What is your Most Important Hero's Journey?
Do you hear your "call to action"?
Posted June 30, 2018
Movies and literature are replete with the main character engaged in what is commonly referred to as the hero’s journey, or quest. The movie or book may start peacefully, but something happens that challenges this character and his or her stable world. There is a disruption in the comfort of their world. This disruption presents a “call to action”.
At first the hero may have fears that cause him or her to hesitate. Perhaps it’s insecurity or deep personal doubts about being able to meet the challenge. The hero balks at taking the challenge. Perhaps it seems too big, or perhaps he/she doesn’t want to leave the comforts of home. But circumstances will not allow complacency. The challenge, the disruption, the crisis follows our hero, making life uncomfortable and even impossible to maintain.
The hero is forced out of her/his comfort zone, the environment and the world he/she is familiar with and confident in. During the hero’s journey she or he faces many tests each more difficult than the last. During this process the hero must determine whom to trust and whom to be wary of. As the hero confronts instead of running from each challenge, it supports the development of greater character, personal resources, and skills.
The journey causes the hero to face his/her innermost demons and fears; sometimes represented by going into a cave, where unspeakable dangers lie. With each step on The Path, the hero must find his/her courage and grow from the experience until there is the success that restores balance, wholeness and safety to the hero’s world.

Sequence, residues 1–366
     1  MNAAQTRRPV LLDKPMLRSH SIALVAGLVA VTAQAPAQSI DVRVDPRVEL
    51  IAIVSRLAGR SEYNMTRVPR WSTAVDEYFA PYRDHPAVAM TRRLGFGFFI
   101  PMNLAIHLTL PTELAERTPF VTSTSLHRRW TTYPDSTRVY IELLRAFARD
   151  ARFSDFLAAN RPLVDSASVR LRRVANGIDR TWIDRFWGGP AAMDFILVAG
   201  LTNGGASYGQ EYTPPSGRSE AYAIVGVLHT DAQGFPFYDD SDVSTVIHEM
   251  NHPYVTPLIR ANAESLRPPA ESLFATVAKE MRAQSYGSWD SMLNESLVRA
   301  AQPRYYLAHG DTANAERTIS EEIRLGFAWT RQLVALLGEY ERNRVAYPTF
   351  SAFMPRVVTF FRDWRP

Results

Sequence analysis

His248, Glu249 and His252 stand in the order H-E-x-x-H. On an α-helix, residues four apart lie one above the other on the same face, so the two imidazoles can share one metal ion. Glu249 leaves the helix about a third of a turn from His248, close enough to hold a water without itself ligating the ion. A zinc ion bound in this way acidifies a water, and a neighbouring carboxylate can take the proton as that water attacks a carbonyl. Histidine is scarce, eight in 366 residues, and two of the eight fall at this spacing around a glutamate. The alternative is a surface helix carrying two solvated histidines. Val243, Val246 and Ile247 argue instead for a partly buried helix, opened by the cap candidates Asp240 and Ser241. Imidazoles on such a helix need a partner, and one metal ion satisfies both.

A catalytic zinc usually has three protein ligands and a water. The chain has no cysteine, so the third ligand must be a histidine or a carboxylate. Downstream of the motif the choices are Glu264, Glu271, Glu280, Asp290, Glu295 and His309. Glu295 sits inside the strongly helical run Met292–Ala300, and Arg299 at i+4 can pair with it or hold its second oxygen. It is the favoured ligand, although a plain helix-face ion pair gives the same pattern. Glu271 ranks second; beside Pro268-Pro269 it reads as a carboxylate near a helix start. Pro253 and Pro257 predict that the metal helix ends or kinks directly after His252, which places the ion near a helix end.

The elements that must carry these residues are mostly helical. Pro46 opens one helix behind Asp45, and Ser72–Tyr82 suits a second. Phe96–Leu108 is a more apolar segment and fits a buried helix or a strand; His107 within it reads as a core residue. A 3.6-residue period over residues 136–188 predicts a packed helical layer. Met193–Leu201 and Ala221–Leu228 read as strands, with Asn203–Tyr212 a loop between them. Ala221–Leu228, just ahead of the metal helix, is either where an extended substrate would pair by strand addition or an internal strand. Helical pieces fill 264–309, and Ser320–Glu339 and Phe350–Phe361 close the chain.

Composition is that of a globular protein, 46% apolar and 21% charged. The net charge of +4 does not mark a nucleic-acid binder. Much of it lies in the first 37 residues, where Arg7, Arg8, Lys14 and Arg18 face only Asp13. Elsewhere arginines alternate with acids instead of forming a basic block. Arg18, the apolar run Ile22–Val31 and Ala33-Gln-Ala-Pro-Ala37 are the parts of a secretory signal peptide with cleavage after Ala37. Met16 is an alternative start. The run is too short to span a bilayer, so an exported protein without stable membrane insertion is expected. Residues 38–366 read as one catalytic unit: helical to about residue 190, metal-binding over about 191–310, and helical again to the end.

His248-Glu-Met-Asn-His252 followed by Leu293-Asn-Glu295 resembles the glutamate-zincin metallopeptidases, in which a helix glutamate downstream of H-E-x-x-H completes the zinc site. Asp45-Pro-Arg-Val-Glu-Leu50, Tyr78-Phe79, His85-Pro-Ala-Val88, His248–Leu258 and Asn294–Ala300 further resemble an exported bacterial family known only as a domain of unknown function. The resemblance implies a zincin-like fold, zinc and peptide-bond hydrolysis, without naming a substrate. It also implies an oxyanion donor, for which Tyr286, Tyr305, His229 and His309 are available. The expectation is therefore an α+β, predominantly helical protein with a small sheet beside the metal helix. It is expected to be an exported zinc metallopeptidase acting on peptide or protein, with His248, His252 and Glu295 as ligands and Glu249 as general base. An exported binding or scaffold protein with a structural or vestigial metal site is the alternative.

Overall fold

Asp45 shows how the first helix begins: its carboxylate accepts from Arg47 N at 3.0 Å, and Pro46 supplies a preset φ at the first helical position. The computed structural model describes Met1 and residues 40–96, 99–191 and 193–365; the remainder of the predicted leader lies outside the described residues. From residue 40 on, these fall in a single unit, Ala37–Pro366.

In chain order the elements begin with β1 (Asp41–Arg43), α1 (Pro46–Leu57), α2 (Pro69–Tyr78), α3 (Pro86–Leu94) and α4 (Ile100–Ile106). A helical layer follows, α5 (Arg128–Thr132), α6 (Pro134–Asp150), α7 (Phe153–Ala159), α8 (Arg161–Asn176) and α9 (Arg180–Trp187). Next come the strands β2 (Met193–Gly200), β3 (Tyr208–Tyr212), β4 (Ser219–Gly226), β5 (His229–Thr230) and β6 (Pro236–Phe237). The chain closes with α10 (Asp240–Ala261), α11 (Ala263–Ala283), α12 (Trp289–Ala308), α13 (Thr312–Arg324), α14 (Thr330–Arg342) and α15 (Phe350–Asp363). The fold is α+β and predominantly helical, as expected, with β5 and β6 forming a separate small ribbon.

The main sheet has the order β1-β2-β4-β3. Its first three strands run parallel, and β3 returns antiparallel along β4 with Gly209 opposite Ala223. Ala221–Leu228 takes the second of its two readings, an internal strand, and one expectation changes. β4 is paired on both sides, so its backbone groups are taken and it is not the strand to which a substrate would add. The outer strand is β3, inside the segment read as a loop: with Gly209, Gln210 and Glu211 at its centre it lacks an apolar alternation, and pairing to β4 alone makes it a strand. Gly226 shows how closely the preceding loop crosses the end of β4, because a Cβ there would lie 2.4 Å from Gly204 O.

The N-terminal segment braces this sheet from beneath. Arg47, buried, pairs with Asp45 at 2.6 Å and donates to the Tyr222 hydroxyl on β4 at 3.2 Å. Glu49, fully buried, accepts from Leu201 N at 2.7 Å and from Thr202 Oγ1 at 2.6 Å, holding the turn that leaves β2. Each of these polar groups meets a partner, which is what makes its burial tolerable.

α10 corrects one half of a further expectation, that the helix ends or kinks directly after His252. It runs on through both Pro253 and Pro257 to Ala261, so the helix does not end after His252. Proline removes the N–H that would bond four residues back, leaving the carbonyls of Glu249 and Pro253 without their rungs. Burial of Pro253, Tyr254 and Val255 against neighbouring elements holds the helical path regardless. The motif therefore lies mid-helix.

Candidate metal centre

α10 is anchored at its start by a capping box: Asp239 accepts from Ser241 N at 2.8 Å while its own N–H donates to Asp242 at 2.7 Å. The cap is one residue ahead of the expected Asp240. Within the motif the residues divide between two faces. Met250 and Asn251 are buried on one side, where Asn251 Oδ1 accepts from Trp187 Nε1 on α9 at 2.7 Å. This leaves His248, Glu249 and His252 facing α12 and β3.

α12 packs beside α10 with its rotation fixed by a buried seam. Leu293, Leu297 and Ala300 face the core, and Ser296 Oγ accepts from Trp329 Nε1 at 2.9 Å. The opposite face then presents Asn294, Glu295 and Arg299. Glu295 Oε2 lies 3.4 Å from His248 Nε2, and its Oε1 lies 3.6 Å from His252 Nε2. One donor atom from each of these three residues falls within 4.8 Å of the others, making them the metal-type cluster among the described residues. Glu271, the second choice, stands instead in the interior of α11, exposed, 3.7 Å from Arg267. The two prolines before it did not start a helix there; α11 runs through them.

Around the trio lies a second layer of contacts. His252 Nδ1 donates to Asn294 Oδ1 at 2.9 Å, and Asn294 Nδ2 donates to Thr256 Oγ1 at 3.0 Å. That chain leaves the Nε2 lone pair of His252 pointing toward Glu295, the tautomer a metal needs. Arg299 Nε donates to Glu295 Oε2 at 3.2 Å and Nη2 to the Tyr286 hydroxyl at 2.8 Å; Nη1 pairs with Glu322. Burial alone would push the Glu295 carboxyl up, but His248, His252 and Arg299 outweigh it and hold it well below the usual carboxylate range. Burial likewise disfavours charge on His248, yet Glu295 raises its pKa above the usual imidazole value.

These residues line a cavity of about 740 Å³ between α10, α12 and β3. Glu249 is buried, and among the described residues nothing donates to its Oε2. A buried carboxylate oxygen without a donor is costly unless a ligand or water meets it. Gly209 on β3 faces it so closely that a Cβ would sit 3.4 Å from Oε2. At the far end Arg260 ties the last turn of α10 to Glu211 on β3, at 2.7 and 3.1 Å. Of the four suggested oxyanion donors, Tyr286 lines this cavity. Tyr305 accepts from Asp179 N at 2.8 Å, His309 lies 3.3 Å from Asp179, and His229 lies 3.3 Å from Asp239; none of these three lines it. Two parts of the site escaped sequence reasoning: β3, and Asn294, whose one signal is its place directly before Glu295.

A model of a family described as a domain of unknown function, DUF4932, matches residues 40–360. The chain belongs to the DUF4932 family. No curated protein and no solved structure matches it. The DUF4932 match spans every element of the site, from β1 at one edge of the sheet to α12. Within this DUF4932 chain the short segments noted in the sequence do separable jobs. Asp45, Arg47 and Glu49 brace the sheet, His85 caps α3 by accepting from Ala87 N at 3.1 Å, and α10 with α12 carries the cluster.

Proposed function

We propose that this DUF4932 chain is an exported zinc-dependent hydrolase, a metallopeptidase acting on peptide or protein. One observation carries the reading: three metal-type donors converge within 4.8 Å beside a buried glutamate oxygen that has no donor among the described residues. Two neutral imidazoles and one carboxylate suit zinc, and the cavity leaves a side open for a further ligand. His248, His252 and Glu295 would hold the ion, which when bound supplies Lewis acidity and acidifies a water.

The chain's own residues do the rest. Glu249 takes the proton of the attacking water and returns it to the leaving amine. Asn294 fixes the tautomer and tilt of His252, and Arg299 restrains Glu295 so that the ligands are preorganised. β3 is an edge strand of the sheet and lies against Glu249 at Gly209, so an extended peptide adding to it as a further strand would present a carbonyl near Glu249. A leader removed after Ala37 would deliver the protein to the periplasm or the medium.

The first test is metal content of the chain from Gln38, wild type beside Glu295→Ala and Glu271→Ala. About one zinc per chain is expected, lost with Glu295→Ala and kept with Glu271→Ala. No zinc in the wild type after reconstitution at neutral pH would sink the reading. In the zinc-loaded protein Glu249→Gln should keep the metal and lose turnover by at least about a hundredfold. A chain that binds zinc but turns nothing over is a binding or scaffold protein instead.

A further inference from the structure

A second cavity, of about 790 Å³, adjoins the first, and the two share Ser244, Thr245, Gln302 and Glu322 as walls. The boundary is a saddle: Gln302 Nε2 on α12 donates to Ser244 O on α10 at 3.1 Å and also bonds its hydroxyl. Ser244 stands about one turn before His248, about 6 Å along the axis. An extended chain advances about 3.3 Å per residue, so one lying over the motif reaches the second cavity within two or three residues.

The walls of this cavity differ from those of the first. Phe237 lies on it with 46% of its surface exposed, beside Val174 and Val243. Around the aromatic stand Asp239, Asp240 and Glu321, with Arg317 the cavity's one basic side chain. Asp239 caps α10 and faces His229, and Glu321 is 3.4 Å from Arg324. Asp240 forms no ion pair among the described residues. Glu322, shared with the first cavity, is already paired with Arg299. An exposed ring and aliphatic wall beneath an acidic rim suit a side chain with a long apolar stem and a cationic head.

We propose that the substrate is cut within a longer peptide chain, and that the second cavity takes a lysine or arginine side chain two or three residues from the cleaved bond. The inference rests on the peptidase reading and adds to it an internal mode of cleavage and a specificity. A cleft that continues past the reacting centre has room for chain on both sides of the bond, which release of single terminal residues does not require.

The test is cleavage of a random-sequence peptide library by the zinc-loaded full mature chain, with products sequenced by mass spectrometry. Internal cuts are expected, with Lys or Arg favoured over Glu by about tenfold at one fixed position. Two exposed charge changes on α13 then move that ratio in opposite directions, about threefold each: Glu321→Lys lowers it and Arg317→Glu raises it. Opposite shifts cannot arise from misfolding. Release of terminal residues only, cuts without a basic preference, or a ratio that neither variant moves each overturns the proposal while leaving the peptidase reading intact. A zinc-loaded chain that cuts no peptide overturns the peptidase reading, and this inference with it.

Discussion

Do you hear the call to action?
We are all born whole. Some might say we are whole prior to being born and then thrust out into the world that separates us from that place of wholeness. We are born into a family, a culture, a system that causes fragmentation of our selves. Joseph Campbell, renowned professor of mythology and religion, said that the “system eats us up”. We learn to conform to that system because our survival depends on it. Our survival depends on our primary caregivers and thus we adapt to the world the way they see it. The result is a wounding of major or minor proportions. We use our intellectual abilities to make this adaptation, and in the process, we separate from our bodies, where hurt is stored. We perpetuate this separation as a way of avoiding emotional and physical pain. It is easy because it fits with everyone around us.
Your personal hero’s journey
You may not recognize it, but you are faced with your own personal hero’s journey. The one that each of us faces has similar stages and challenges as described above. For most, we don’t recognize it until it hits us square in the face and even then, we are unconscious to the process.
The “comfortable” place in which we begin this journey is usually not comfortable, but simply familiar and validated by all that surrounds us. In fact, this state is already out of balance. I refer to this “home” as your Primitive Gestalt Pattern. It is the pattern that develops during childhood as you try to navigate the dangers and traumas presented to you without drowning in them. The result is a cage that we find ourselves in as adults. It might be a gilded cage, but a cage none-the-less. A cage because you are captured – and blinded – by the lessons and survival of your childhood.